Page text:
Barber start last year. Photo: PWC

PWC: 2017 GT, GTS season preview

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Pirelli World Challenge’s name is more accurate than normal entering 2017.

The Pirelli portion is the component that stays most intact, while “World” represents both the diversity of cars and drivers entered as the series continues its push to be further aligned with SRO and the international sports car scene. “Challenge?” That’s deciphering the newness that’s on tap this year with SprintX taking a greater role in the overall series structure at its standalone weekends, and navigating the switch from longtime sanctioning partner SCCA to USAC.

Alas, one thing that remains intact for 2017 is the depth in the quality of the GT field, which has no shortage of top names, teams and manufacturers present this season.

Alvaro Parente returns to defend his title in his No. 9 K-PAX Racing McLaren 650S GT3, following a dramatic championship victory of a year ago. Parente now knows all the circuits he didn’t this time last year and will be perhaps a greater force to be reckoned with. In new teammates Bryan Sellers and Mike Hedlund, Parente also has two capable gunners who should pose more of a win threat more regularly than talented but lesser experienced youngsters Austin Cindric and Colin Thompson last year. Hedlund, a GTA entrant, has the Flying Lizard crew at his disposal for a title pursuit there.

Two other teams mirror K-PAX with drivers capable of winning both in GT and GTA. The first is Wright Motorsports, with Patrick Long and Michael Schein in their two Porsche 911 GT3 Rs. Long was desperately unlucky to lose last year’s title at the end while Schein won races but missed a few races early that cost him points. The other is Magnus Racing, which arrives in PWC with a strong two-car entry of Audi R8 LMS cars. Pierre Kaffer is a winner-to-be in GT with John Potter capable of the same in GTA.

Johnny O’Connell and Michael Cooper will be keen to return the Cadillac Racing Cadillac ATS-V.Rs to the top of the perch after being dethroned last year. O’Connell, a four-time champion, has lost none of his speed nor motivation. Cooper impressed last year with a couple wins and fully justified his promotion to the Cadillac team after winning a GTS title with Blackdog Speed Shop’s Chevrolet Camaro Z/28.R in 2015. Both will again be title contenders this season in their Velocity Red and Vector Blue liveried cars.

The two other two-car, GT-only teams come from RealTime Racing with its Acura NSX GT3s and Bentley Team Absolute with its Bentley Continental GT3s. Ryan Eversley has won races in each of the last two years in RealTime’s old TLX-GT and will look to continue that run aboard one of the new NSX cars; sports car veteran Peter Kox will be keen to prove he has the consistent speed to contend. Bentley lacks a dynamic star at the moment; Adderly Fong has some potential while the absence of young talent Andrew Palmer, injured last year at Lime Rock, still stings.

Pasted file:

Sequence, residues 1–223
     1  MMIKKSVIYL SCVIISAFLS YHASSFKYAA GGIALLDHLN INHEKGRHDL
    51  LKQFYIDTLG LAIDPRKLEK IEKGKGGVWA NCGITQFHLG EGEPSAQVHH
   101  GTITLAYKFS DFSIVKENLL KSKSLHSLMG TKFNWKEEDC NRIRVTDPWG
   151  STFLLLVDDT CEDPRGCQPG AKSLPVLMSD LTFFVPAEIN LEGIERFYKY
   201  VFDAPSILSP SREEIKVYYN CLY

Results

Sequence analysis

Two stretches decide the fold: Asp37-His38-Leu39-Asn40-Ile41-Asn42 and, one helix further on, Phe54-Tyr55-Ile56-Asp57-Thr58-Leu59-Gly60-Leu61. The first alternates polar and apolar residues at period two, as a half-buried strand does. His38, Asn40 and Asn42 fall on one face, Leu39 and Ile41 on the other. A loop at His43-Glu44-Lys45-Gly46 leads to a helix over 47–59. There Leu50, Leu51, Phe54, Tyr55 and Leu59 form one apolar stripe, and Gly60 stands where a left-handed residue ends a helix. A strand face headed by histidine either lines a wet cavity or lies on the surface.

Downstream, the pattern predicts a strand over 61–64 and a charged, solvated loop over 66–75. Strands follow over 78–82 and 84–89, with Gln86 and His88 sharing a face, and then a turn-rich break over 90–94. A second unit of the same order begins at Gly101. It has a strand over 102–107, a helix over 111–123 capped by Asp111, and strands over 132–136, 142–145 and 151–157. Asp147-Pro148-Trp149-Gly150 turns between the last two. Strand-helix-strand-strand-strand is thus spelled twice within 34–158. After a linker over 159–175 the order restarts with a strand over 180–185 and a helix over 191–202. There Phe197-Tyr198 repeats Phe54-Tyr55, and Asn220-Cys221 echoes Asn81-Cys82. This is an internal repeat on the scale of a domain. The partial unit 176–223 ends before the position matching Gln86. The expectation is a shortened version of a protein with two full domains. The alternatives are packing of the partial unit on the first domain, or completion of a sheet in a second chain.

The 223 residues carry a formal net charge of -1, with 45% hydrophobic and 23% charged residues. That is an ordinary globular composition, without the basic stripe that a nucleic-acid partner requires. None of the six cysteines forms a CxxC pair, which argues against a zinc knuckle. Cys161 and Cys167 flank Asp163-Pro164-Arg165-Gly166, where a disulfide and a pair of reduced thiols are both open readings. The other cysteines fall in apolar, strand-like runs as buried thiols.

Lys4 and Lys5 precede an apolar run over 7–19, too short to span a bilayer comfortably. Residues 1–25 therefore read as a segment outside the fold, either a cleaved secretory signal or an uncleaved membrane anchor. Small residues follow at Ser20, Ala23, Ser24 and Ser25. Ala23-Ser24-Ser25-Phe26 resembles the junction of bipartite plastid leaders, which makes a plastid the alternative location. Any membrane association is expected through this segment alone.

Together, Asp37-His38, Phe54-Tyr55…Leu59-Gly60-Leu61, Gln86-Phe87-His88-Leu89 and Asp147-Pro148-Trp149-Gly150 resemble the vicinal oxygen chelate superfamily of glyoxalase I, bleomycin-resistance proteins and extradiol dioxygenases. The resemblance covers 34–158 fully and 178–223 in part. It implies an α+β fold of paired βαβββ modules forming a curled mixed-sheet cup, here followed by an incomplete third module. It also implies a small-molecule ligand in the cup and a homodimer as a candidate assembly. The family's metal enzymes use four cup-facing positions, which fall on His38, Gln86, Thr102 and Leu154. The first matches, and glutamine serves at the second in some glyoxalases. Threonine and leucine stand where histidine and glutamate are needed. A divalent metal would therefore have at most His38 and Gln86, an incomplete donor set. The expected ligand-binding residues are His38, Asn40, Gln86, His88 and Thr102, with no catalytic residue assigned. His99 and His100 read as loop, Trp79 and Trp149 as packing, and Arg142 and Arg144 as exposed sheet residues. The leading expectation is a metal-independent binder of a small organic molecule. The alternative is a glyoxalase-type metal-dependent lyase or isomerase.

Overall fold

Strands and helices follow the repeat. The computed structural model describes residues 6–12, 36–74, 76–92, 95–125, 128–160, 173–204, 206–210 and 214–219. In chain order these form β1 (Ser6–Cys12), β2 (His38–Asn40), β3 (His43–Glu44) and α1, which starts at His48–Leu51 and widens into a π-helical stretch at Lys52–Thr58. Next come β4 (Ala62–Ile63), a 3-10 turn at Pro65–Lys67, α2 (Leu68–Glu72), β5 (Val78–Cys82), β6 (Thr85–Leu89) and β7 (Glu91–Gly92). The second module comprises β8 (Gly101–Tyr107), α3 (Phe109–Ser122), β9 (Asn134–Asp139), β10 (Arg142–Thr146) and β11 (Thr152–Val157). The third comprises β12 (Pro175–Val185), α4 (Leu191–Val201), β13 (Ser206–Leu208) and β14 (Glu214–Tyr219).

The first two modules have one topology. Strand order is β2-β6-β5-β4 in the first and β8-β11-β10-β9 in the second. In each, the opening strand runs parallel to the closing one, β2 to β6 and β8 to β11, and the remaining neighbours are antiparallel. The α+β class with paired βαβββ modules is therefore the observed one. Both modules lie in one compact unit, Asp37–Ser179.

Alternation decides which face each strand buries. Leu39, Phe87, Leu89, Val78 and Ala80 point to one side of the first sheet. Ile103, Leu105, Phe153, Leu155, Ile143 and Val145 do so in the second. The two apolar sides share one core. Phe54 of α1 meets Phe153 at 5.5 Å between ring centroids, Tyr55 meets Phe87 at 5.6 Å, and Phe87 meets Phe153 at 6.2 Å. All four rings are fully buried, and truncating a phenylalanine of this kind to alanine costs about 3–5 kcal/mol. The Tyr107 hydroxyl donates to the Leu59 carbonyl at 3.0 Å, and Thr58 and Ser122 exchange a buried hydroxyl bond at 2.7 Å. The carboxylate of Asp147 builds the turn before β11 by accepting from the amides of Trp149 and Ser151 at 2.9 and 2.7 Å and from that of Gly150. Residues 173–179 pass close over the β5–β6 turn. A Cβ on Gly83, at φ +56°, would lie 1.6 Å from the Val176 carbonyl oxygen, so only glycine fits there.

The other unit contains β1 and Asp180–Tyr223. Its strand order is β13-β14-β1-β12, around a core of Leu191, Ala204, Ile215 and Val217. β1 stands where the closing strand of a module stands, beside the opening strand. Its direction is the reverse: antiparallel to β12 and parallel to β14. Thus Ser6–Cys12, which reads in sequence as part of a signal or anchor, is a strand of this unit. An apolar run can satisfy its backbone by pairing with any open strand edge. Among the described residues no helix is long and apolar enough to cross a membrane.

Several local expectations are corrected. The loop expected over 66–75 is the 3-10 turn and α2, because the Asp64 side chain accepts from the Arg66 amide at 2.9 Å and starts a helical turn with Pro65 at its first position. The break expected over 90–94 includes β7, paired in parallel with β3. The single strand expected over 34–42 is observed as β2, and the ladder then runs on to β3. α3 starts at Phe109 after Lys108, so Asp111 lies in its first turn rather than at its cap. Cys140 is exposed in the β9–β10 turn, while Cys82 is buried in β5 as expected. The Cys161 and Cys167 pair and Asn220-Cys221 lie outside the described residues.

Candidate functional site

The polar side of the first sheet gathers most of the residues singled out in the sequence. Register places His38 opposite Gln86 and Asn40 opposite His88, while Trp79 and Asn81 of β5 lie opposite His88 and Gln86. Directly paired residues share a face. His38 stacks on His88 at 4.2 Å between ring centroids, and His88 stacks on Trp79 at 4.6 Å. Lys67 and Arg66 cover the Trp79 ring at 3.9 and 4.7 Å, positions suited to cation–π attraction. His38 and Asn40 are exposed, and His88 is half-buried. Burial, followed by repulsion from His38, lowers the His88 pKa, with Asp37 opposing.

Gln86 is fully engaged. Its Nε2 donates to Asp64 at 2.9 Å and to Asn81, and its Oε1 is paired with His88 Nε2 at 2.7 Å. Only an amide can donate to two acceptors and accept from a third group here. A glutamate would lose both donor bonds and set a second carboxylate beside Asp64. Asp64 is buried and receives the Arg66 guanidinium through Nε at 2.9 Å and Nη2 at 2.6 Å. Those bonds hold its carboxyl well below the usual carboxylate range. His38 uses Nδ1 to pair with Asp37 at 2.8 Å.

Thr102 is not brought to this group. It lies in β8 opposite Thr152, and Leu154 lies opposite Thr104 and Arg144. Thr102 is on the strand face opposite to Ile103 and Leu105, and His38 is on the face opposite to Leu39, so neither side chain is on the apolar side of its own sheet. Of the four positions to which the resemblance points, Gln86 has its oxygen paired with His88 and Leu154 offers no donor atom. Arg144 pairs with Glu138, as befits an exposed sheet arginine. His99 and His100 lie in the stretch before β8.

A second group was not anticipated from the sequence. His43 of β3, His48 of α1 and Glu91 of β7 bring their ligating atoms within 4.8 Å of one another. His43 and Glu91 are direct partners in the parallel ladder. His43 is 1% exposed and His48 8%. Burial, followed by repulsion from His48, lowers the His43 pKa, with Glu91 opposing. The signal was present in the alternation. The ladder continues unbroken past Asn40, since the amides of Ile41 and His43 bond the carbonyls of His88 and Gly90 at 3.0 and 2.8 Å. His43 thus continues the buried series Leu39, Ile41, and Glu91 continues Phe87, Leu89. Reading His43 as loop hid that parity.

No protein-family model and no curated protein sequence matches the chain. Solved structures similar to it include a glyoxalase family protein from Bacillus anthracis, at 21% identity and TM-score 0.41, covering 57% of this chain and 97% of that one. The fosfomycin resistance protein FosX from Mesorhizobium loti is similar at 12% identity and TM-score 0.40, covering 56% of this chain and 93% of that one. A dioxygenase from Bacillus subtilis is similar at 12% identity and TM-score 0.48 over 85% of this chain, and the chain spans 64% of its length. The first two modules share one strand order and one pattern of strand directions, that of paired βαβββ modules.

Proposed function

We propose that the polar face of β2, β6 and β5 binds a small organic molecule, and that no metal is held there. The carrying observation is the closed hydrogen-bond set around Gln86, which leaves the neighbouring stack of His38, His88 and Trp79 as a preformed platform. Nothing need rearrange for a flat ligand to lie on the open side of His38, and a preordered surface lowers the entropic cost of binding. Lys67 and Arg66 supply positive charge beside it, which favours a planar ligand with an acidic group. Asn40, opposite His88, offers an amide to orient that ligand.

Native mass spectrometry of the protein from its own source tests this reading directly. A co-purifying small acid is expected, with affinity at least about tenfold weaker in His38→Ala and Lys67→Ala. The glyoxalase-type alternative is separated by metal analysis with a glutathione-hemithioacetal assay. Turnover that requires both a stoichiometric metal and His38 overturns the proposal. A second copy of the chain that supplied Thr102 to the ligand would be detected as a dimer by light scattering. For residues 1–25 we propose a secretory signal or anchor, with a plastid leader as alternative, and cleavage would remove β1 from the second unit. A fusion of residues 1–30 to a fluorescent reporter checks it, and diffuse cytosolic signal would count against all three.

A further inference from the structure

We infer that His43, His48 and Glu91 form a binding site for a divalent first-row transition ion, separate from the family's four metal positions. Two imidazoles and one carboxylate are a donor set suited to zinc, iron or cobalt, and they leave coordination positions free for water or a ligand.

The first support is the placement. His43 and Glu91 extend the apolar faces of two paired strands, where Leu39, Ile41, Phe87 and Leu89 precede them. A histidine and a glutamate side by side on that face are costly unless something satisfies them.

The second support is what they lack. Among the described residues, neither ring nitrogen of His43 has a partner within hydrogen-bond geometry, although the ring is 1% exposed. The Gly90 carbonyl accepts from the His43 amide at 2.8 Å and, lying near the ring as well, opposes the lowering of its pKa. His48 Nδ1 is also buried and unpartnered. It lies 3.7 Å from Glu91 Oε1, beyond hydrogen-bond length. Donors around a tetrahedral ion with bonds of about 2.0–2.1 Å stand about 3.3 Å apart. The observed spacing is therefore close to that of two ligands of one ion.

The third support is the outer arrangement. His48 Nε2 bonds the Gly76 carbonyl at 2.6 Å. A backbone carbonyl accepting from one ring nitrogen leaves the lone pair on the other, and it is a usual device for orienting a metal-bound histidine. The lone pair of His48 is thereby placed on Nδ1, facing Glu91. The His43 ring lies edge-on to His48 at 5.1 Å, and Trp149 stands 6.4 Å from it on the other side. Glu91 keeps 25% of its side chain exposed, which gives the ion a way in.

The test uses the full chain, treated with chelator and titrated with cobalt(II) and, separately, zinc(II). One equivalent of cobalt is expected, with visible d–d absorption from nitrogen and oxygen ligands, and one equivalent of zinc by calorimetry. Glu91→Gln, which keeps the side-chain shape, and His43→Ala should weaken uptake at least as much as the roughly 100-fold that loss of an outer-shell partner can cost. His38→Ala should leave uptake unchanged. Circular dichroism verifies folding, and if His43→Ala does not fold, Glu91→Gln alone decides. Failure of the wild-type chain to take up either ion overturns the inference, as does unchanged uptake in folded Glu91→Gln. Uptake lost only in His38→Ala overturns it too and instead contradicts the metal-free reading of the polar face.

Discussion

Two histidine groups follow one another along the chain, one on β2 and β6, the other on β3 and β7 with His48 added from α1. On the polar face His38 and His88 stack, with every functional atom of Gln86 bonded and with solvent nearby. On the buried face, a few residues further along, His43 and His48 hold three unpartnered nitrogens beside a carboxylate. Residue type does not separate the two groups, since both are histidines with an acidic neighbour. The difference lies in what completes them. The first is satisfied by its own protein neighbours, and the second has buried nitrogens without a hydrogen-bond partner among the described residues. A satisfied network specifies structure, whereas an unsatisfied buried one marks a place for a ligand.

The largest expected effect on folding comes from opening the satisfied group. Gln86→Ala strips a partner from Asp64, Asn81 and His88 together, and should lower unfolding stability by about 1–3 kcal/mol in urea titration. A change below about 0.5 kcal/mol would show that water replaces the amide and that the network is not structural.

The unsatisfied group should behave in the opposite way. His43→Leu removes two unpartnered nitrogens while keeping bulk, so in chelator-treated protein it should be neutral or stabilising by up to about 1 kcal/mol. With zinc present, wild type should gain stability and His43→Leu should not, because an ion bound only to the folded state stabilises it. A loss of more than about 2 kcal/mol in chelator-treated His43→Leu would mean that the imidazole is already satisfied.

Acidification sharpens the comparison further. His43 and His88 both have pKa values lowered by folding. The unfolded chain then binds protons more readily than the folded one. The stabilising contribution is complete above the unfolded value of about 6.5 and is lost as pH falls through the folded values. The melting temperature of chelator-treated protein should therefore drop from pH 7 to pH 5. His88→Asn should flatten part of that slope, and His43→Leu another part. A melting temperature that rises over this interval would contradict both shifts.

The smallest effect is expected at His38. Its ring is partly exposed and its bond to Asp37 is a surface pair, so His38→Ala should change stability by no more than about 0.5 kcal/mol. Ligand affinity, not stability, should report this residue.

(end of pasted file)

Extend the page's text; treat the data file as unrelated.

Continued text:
Plenty of one-car efforts are set to contend in GT, though. Between Ryan Dalziel’s CRP Mercedes, Jon Fogarty’s GAINSCO/Bob Stallings Porsche, Alex Riberas’ R. Ferri Motorsport Ferrari and James Davison in a TRG Aston Martin, there’s no shortage of talent here.

The GTA field also includes GMG Racing with two Porsches, including one for last year’s GT Cup champion Alec Udell. The capable, experienced and still super young Udell, only 21, is the 2017 candidate who can be most like Bryan Heitkotter and Michael Lewis, who starts out as a GTA driver and can win races there before an eventual progression into GT. Sadly, neither Heitkotter nor Lewis – race winners last year – are present for this year’s season opener. Notable in the rest of the class is the perennially active Tim Pappas, in a new Mercedes-AMG GT3 after recent years running either an old Mercedes, Viper or Porsche for his Black Swan Racing team.

GT Cup is still active but with only two cars, one of which a Ferrari Challenge Evo which will mark the first time a non-Porsche Cup car is entered within the previously single-make class.

GTS’ 19-car field includes a couple venerable old GTS-spec cars mixed in with more of the new GT4-spec cars. With last year’s champion Brett Sandberg not listed, it’s left to others such as Lawson Aschenbach in the debuting Camaro GT4, Nate Stacy now in a Flying Lizard Porsche Cayman GT4 MR and Parker Chase in the Ginetta G55 who are among the class favorites. Andrew Aquilante returns with his Phoenix Performance Ford Mustang Boss 302. Ian James, in the debuting but as-yet-not-homologated for GT4 Panoz Avezzano GT, will also be one to watch. Like the Ginetta, the SIN R1 GT4 and KTM X-Bow GT4 are also still in the field, joined as well by the new McLaren 570S GT4.

PWC will be interesting to watch this year because its five weekends with IndyCar see the traditional sprint format, a PWC staple, maintained. The two-driver, 60-minute SprintX format, introduced in a three-race trial last year, takes on a greater role starting at VIR in late April. That weekend will see PWC fully on its own, with all of its classes between the GT combination, GTS, and the three Touring Car classes (TC, TCA, TCB).